The war on coal continues

The good news about Ernest Moniz, President Barack Obama’s nominee to become secretary of energy, is that he seems bullish about natural gas. But the bad news is that Moniz sees gas as a means of slashing use of coal to produce electric power.

Obama revealed this past week that he is nominating Moniz, a Massachusetts Institute of Technology professor, to replace Steven Chu at the Department of Energy. Chu has been an outspoken advocate of eliminating coal as a power-generation fuel.

Moniz has been criticized by some environmentalists because of an MIT report that seemed to minimize concerns about hydraulic fracturing technology used to obtain oil and natural gas. He has referred to gas as “a bridge to a low-carbon future.” To that, on another occasion, he added that gas “will play a crucial role in enabling very substantial reductions in carbon emissions.”

At the same time, Moniz seems open to clean-coal technology. He should be encouraged to divert some of the enormous sums the Obama administration is sometimes friviously spending on wind and solar power to developing better and cleaner ways to burn coal, which must continue to play a key role in America’s overall energy policy.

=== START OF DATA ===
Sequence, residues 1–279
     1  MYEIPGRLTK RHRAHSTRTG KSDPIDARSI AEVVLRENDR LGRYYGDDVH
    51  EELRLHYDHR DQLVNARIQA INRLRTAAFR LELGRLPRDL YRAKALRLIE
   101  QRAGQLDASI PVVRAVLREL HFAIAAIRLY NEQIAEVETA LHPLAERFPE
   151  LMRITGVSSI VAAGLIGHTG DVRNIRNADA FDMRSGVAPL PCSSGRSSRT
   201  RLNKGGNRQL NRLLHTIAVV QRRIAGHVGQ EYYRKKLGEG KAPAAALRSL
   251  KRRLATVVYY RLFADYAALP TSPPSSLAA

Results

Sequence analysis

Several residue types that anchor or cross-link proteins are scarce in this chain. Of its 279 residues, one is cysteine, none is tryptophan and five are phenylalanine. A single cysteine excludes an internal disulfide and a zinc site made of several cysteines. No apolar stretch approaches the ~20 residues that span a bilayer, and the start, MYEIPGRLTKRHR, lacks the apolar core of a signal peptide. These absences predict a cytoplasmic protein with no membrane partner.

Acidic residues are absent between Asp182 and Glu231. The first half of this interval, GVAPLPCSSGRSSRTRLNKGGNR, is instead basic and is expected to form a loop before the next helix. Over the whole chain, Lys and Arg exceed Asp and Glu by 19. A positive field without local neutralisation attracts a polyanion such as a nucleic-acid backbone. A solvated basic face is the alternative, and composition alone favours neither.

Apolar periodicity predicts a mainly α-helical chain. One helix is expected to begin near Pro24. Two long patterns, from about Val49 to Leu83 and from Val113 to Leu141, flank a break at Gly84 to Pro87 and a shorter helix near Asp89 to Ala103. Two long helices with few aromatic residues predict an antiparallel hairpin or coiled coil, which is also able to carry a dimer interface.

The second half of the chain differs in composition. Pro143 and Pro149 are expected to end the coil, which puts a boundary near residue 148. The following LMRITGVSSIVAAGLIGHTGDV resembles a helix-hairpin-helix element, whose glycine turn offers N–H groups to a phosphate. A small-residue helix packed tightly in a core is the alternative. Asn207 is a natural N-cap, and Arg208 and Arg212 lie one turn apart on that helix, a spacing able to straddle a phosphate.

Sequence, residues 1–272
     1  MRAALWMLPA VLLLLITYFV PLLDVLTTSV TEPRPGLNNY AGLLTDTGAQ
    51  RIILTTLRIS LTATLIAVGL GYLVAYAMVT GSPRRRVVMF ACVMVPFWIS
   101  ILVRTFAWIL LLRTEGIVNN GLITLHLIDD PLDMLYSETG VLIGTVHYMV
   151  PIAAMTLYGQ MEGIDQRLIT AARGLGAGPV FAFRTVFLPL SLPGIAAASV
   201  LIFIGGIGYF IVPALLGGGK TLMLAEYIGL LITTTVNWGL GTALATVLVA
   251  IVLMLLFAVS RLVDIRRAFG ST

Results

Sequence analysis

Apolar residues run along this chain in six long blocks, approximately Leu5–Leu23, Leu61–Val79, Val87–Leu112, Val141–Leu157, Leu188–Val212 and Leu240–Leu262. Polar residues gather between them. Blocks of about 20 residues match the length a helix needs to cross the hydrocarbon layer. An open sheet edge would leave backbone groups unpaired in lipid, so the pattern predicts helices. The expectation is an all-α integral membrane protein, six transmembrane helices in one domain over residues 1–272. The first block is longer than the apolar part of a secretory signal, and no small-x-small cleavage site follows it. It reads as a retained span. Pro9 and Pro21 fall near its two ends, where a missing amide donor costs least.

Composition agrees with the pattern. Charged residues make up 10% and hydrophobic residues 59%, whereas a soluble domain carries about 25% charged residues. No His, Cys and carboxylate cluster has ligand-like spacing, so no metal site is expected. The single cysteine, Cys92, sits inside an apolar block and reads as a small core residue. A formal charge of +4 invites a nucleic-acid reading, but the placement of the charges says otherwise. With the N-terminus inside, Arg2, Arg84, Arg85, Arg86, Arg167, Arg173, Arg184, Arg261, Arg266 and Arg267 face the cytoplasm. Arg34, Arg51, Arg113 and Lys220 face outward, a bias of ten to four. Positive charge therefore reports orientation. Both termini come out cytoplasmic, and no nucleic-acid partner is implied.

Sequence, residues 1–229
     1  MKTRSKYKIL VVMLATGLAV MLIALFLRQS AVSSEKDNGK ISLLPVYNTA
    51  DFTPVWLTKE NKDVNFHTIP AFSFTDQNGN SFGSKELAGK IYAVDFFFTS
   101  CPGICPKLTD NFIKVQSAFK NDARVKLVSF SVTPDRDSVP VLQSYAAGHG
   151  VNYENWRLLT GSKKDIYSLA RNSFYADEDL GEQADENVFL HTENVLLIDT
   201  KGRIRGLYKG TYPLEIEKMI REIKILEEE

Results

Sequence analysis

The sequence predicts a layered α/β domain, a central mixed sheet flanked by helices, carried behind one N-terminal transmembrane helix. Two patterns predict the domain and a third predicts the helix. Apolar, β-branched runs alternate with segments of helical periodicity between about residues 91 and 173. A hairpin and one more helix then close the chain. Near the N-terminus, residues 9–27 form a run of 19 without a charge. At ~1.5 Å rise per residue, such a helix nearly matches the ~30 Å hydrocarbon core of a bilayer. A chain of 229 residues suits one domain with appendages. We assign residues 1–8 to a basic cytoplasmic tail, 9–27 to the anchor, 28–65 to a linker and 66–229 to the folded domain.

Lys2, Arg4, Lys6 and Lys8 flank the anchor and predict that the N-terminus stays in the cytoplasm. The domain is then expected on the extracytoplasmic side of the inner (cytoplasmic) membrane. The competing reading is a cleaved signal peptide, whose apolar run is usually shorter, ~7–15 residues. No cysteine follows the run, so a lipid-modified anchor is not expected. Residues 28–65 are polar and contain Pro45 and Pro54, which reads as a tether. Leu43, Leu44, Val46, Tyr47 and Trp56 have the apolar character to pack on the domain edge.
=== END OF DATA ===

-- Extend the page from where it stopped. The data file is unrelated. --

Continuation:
Last week, Obama also introduced his choice as the new director of the Environmental Protection Agency. She is EPA veteran Gina McCarthy, who wrote many of the rules Obama has used to pursue his war on coal.

On balance, it appears Moniz and McCarthy signal the president’s determination to continue his assault on coal. If so, it will be up to Congress to prevent the White House from sending electricity prices soaring for tens of millions of Americans.